If our rheumatology doctor, Dr. Maria Farooq, suspects rheumatoid arthritis, she will assess the affected joints to determine whether they are swollen, red, or warm, as these signs are indicative of RA. This physical exam may be followed by any of the following tests:

  • Anti-cyclic citrullinated peptide (anti-CCP) test to identify auto-antibodies, called anti-CCPs
  • C-reactive protein (CRP) test to identify c-reactive proteins that are produced in response to inflammation
  • Rheumatoid factor (RF) test to measure levels of RF, an antibody often present when RA is present
  • Erythrocyte sedimentation rate (ESR) test to identify elevated levels that are indicative of inflammation
  • MRI and ultrasound tests to assess the joints
  • X-rays to identify any damage on the joints

Treatment of OA and RA

How Osteoarthritis is Treated

Unfortunately, osteoarthritis cannot be reversed or treated. We offer various treatments and pain relievers to help patients with OA manage unpleasant symptoms.

  • Intra-articular injections: Injections of corticosteroids, hyaluronic acid, BOTOX® or platelet-rich plasma (PRP) in the joints can help to relieve pain in the joints. These injections can provide the missing ‘cushion’ or padding that the cartilage once provided before it degenerated.
  • Physical therapy: Because OA weakens the joints and muscles, physical therapy can help to strengthen the affected joints. Similarly, pain management classes can help patients to minimize the symptoms of OA.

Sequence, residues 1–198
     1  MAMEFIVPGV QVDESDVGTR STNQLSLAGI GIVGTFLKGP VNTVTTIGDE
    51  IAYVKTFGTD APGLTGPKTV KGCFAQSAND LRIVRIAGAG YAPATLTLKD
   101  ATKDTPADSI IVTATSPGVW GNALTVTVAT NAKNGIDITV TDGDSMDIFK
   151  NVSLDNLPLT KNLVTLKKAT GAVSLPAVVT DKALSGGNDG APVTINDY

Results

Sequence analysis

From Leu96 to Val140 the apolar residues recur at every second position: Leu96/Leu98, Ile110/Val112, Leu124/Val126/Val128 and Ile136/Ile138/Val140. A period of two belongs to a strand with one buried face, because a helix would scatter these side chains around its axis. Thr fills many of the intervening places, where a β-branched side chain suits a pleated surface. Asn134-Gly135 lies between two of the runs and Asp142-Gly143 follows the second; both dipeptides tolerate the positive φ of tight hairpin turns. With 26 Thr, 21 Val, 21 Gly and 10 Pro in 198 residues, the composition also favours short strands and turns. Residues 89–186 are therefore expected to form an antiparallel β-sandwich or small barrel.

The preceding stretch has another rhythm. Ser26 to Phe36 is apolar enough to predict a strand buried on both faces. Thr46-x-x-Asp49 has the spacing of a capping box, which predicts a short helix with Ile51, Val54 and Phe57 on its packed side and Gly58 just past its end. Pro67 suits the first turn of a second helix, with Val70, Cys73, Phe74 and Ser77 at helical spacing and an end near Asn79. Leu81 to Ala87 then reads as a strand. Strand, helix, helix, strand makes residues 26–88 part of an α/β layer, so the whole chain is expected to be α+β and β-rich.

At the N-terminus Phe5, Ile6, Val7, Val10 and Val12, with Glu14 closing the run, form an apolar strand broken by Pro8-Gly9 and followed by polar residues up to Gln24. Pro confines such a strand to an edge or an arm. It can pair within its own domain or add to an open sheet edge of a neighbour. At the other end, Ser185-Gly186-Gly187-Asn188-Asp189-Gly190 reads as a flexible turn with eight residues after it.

• Pain-relieving medications: Various medications can be taken to relieve the symptoms of OA, dull the pain and discomfort, and reduce swelling. These medications include Tylenol® and NSAIDs (nonsteroidal anti-inflammatory drugs). 

How Rheumatoid Arthritis is Treated

There is unfortunately no treatment to reverse rheumatoid arthritis either. We can provide various medications along with therapy to help patients manage the symptoms of RA.

  • Disease-modifying medications: Various medications, known as DMARDs (disease-modifying anti-rheumatic drugs), can be taken to either slow the progression of RA or stop the progression entirely. These treatments can save the joints from further damage. 
  • Pain-relieving medications: Medications, such as NSAIDs and corticosteroids, can help to reduce swelling and inflammation and relieve the pain caused by RA. These medications can also help to improve physical function. 
  • Physical therapy: Physical therapy sessions can help patients to improve joint and muscle function. These sessions can also introduce patients to new ways of functioning or completing tasks to minimize joint pain. 

Whether you know you have rheumatoid arthritis or osteoarthritis, or you’re experiencing symptoms of either, we offer advanced methods of diagnosis and treatment to assess your condition or help you manage your symptoms. 

When you schedule an appointment with us at our UCF Rheumatology Services department, you can rest assured that we are dedicated to providing you with the highest quality of care, in a comfortable and welcoming environment.